The daffodil drawing was one of my mother’s first, and when I saw it, it took my breath away. Not only was it was expertly drawn, it reminded my sisters and me of one of my father’s favorite poems. He was the love of her life but is gone nearly six years now, yet another in a series of losses which our mother appears, most times, to take in stride.
My mother started Saturday morning art classes about a year ago, with an accomplished Long Island artist she knows only as Jill. The class is one of many offered by the fine recreational therapy staff at my mother’s assisted living home. She enrolled in part because there wasn’t a lot of other programming on weekends: “It was something to do on a Saturday morning,” she said, adding, “something I was interested in.”
Although she writes with her weaker right hand (assisting with a steadying grip on the wrist with her left hand) she draws with the left. “It’s easier to control,” she said.
The class started with simple coloring of already-drawn designs, which my mother enjoyed, but soon prompted her to tell Jill, “Let me see if I can copy that.” She did. “Then I colored it and watercolored it, too,” she said with satisfaction.
Jill is a constant source of expertise, support and encouragement. “She taught me all about the shading,” my mother said. “That’s what makes it 3-D.”
I do not recall one incident in my mother’s life up to now where she made art for its own sake. She cooked just about every meal we ate, crocheted hats and blankets and sewed some of our clothes — surely artistic endeavors — but always in service to her family.
Not this time. Not with this pursuit of drawing. One of my favorite things about the exhibit was watching my mother, now unable to stand or walk independently and so using a wheelchair for mobility, crane her neck upwards toward exhibit attendees (mostly strangers) to respond to their comments and questions. Her face is animated. She laughs often. Her hands fly up in enthusiasm. She is an artist discussing her work, her process. Her self.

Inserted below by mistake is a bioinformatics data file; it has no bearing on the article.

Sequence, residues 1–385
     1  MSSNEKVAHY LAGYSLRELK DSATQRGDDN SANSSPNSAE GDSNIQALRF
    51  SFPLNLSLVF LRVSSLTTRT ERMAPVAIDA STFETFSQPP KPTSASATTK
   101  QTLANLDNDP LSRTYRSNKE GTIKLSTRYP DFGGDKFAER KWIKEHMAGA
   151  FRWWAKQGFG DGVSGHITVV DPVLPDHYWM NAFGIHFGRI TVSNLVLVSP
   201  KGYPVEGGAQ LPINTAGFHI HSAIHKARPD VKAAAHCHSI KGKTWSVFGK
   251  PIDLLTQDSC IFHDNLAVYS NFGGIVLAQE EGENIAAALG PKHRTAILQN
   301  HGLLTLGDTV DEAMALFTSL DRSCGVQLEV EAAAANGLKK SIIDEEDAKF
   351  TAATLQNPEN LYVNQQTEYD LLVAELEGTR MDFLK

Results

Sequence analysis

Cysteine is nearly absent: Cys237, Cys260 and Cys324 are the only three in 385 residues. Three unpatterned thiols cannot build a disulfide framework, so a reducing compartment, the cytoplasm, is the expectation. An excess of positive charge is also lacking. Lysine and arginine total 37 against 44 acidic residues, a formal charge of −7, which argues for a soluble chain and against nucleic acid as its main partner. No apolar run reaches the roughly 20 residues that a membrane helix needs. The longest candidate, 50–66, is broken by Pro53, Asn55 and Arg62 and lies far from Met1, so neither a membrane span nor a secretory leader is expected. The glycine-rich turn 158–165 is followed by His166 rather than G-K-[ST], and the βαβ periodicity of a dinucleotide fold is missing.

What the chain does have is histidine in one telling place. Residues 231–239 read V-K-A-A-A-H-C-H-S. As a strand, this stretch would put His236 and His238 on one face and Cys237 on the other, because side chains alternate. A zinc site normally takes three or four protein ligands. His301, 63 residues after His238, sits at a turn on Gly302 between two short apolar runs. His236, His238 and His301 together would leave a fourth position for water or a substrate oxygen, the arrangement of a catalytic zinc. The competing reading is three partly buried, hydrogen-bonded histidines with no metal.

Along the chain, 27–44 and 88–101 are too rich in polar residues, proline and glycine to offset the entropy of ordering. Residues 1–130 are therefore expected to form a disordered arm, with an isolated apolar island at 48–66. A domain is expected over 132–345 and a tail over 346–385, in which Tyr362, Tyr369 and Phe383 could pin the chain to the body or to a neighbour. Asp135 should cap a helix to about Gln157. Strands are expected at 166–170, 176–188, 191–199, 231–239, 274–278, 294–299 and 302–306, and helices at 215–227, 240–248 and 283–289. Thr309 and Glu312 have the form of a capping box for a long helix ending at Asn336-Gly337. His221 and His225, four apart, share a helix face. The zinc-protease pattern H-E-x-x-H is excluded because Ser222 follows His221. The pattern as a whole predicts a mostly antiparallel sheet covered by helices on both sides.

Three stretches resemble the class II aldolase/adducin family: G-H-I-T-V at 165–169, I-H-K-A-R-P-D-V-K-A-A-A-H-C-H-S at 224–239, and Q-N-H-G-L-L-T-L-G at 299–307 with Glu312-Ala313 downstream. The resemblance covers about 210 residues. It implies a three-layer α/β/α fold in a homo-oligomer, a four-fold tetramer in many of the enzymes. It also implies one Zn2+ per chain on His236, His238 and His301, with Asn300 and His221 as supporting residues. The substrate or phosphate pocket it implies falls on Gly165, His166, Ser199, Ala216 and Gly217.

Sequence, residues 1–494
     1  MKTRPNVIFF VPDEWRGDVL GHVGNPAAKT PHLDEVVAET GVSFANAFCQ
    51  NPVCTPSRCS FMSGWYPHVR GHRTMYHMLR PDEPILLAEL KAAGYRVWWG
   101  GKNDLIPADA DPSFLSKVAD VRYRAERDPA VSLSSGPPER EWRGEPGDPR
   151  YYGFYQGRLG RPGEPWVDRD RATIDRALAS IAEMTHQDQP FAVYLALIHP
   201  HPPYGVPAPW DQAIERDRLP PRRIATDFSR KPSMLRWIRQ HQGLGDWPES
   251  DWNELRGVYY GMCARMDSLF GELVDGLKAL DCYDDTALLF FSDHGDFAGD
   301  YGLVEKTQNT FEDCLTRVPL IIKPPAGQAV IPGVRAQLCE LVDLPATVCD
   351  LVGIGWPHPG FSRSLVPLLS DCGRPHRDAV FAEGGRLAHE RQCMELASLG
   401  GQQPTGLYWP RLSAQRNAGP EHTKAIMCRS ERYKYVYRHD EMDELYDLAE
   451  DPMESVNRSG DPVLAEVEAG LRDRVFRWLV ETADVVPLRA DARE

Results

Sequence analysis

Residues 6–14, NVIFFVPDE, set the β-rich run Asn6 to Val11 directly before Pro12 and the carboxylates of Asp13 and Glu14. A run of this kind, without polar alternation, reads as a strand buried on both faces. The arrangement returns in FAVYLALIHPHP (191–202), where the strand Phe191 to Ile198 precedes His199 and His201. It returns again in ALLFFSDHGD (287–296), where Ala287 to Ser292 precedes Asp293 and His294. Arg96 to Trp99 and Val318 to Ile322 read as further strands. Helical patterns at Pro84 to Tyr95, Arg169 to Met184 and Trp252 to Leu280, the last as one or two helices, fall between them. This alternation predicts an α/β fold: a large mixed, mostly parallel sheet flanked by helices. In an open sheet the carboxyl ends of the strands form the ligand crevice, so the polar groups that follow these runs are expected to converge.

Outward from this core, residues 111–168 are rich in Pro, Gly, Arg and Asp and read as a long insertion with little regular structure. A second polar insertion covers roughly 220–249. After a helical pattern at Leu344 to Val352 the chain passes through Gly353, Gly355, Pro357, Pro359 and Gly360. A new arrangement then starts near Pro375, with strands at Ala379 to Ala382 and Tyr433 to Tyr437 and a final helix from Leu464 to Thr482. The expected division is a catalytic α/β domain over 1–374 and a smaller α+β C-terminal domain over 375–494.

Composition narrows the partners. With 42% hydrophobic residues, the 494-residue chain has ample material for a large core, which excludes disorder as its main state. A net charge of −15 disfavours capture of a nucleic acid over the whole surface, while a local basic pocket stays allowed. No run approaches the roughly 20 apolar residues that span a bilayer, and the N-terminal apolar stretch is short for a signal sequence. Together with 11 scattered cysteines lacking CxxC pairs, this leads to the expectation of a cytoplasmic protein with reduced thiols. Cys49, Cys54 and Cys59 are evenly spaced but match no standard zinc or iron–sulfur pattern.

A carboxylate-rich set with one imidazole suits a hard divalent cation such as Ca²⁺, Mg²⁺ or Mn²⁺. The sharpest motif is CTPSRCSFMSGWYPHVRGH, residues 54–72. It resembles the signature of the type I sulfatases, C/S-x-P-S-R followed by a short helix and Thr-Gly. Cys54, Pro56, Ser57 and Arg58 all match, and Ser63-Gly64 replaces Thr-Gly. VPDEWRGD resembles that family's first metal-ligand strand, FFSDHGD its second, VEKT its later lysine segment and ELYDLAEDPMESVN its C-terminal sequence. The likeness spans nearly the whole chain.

Self and Others
Contrary to much of today’s advice about being one’s own biggest advocate, my sisters and I were raised (in a fairytale compared to our mother’s childhood) with the understanding that “Self-praise is no praise at all.”
I hope it was not only me, among the four of us sisters, whose ego was periodically trimmed by our mother’s quick-tempered, “Who the hell do you think you are?” Let’s just say there wasn’t much discussion about self-actualization.
And yet, the image of her animation at the exhibit stays with me. What is it in drawing that gives her this joy?
In our daily phone calls what I hear most is how time flies — how, in fact, she loses her self — when she’s drawing. “I look up and two hours have passed,” she says. “It relaxes me. It’s like meditation.”
When pressed, she offers just a touch more: “I think that something special came out of me when I started those classes.” I ask her if she feels in any way that she has found herself through this art. “I know who I am,” she informs me, somewhat curtly. “I don’t need to find myself.”
As to the question of what might have come of it all had she started earlier, she is adamant: “I never think about that. My life went the way it did and it was full of love, consideration and respect.”
And now, Saturday morning art classes with Jill.